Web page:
- Sep 12, 2007
Density isn't what blocks radiation. Mass is. A brick will stop more gamma rays than a 1/4" lead plate. Lead is only used where you're picky about thickness.
hmm, mass is only part of the story.Density isn't what blocks radiation. Mass is. A brick will stop more gamma rays than a 1/4" lead plate. Lead is only used where you're picky about thickness.
You've missed the point entirely.You need far more concrete than you ever would Pb
No, as explained by encap not at all.You've missed the point entirely.
far more thickness, sure, but not more mass. a pound of concrete is just as effective as a pound of lead. That invariably means a larger volume of concrete, but concrete is a LOT cheaper than lead, and so lead isn't necessary.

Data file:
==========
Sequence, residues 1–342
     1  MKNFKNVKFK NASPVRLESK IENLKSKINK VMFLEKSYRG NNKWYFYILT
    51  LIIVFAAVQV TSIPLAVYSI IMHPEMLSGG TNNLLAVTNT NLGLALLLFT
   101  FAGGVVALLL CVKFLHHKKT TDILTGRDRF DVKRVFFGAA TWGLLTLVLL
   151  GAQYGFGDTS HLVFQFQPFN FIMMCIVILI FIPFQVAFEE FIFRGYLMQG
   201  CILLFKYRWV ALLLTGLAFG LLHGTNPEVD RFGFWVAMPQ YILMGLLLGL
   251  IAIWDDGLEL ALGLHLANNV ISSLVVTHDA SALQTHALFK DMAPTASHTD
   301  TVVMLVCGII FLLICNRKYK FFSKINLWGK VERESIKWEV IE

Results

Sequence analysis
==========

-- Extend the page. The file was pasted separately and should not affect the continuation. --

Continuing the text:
information provided by https://www.nde-ed.orgAs was discussed in the radiation theory section, the depth of penetration for a given photon energy is dependent upon the material density (atomic structure). The more subatomic particles in a material (higher Z number), the greater the likelihood that interactions will occur and the radiation will lose its energy. Therefore, the more dense a material is the smaller the depth of radiation penetration will be. Materials such as depleted uranium, tungsten and lead have high Z numbers, and are therefore very effective in shielding radiation. Concrete is not as effective in shielding radiation but it is a very common building material and so it is commonly used in the construction of radiation vaults.
My apologies. I forget about the edit button, not trying to get my posts up.Rather than double posting 1 minute apart, you can use the edit icon on the bottom right of your last post to add more information. Double and triple posting is frowned upon here, and it is not a respectful way to get your post count up.